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UMBC 15 Parse Trees Alternative representation for a derivation Example parse tree for the previous example var expr = term + var b const stmts stmt term a

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UMBC 16 Another Example Expression -> Expression + Expression | Expression - Expression |... Variable | Constant |... Variable -> T_IDENTIFIER Constant -> T_INTCONSTANT | T_DOUBLECONSTANT

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UMBC 17 The Parse Expression -> Expression + Expression -> Variable + Expression -> T_IDENTIFIER + Expression -> T_IDENTIFIER + Constant -> T_IDENTIFIER + T_INTCONSTANT a + 2

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UMBC 18 Parse Trees PS -> P | P PS P -> | '(' PS ')' | ' ' | '[' PS ']' What’s the parse tree for this statement ? ] >

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UMBC 19 EBNF - Extended BNF Like BNF except that Non-terminals start w/ uppercase Parens are used for grouping terminals Braces {} represent zero or more occurrences (iteration ) Brackets [] represent an optional construct, that is a construct that appears either once or not at all.

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UMBC 20 EBNF example Exp -> Term { ('+' | '-') Term } Term -> Factor { ('*' | '/') Factor } Factor -> '(' Exp ')' | variable | constant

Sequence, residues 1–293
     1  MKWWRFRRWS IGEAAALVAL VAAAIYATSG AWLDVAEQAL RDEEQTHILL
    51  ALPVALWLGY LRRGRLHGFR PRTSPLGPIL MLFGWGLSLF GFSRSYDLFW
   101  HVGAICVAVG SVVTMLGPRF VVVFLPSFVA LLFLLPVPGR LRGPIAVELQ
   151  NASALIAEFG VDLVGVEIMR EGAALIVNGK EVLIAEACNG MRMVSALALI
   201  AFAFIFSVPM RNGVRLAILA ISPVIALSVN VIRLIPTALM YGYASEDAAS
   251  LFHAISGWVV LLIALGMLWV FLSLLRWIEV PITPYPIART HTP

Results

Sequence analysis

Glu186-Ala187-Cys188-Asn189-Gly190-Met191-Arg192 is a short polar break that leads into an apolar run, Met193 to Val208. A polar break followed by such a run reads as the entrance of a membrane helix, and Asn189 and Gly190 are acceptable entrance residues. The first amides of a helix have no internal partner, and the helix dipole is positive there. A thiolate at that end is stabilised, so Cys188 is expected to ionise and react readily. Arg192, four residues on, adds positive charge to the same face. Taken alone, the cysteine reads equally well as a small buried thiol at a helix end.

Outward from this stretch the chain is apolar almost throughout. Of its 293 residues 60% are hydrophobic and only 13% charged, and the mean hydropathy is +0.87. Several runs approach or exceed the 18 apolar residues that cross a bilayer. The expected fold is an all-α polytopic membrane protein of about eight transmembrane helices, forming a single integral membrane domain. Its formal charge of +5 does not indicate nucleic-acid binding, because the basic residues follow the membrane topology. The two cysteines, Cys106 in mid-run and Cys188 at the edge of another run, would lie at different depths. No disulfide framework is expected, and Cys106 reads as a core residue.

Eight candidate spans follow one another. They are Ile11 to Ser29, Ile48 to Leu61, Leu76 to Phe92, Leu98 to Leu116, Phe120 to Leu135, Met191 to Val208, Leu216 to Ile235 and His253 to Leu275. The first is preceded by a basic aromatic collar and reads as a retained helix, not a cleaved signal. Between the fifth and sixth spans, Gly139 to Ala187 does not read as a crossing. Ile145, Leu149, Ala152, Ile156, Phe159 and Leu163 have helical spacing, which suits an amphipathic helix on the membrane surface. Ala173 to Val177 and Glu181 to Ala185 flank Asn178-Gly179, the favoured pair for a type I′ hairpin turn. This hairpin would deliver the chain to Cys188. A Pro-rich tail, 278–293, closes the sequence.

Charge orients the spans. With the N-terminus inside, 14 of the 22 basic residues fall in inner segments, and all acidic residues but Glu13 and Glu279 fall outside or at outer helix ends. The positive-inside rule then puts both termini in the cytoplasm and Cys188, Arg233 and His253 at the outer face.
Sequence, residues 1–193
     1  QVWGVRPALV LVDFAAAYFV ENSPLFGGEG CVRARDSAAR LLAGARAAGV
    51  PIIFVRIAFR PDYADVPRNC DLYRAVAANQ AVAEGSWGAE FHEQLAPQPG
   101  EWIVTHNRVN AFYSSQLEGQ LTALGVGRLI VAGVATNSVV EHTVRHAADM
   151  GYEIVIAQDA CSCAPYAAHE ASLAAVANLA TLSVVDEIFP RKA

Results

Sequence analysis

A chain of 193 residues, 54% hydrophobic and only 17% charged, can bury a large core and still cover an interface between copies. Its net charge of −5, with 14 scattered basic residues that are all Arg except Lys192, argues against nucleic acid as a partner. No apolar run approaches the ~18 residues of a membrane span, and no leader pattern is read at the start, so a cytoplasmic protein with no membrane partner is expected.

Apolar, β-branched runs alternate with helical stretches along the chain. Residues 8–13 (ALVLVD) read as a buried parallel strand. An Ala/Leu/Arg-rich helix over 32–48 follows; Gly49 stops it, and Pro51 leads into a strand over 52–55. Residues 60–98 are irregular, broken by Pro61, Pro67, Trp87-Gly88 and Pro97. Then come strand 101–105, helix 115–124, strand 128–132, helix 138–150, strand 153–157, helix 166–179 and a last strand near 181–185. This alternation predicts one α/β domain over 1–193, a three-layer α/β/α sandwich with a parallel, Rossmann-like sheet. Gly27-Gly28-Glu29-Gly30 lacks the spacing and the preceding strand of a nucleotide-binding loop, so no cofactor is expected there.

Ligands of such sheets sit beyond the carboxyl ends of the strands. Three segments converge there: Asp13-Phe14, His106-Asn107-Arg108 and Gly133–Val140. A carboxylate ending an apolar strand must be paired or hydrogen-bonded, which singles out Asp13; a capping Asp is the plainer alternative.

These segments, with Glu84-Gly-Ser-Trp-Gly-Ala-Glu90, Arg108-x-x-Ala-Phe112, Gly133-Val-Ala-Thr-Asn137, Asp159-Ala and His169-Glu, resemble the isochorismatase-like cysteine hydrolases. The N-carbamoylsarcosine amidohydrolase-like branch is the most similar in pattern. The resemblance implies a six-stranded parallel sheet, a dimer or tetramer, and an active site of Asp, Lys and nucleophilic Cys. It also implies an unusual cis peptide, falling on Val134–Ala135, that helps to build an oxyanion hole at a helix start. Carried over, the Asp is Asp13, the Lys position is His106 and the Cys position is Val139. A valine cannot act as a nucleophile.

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UMBC 21 EBNF/BNF EBNF and BNF are equivalent How can {} be expressed in BNF? How can ( ) be expressed? How can [ ] be expressed?

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UMBC 22 Semantic Analysis The syntactically correct parse tree (or derivation) is checked for semantic errors Check for constructs that while valid syntax do not obey the semantic rules of the source language. Examples: –Use of an undeclared/un-initialized variable –Function called with improper arguments –Incompatible operands and type mismatches,

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UMBC 23 Examples int i; int j; i = i + 2; int arr[2], c; c = arr * 10; Most semantic analysis pertains to the checking of types. void fun1(int i); double d; d = fun1(2.1);

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UMBC 24 Intermediate Code Generation Where the intermediate representation of the source program is created. The representation can have a variety of forms, but a common one is called three- address code (TAC) Like assembly – the TAC is a sequence of simple instructions, each of which can have at most three operands.

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UMBC 25 Example _t1 = b * c _t2 = b * d _t3 = _t1 + _t2 a = _t3 a = b * c + b * d Note temps

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UMBC 26 Another Example _t1 = a > b if _t1 goto L0 _t2 = a - c a = _t2 L0: t3 = b * c c = _t3 if (a <= b) a = a - c; c = b * c; Note Temps Symbolic addresses

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UMBC 27 Next Time Finish introduction to compilation stages Read Aho/Sethi/Ullman Chapter 1

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UMBC 28 Selected References Compilers Principles, Techniques and Tools, Aho, Sethi, and Ullman http://www.stanford.edu/class/cs143 /